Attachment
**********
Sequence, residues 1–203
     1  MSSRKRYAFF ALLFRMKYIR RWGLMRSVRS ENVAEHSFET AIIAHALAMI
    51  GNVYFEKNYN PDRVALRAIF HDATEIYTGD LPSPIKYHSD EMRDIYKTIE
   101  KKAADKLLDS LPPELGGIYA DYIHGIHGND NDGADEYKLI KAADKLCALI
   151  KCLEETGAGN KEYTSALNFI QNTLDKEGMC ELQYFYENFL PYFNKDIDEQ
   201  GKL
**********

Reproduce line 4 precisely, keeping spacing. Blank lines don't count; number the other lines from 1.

   101  KKAADKLLDS LPPELGGIYA DYIHGIHGND NDGADEYKLI KAADKLCALI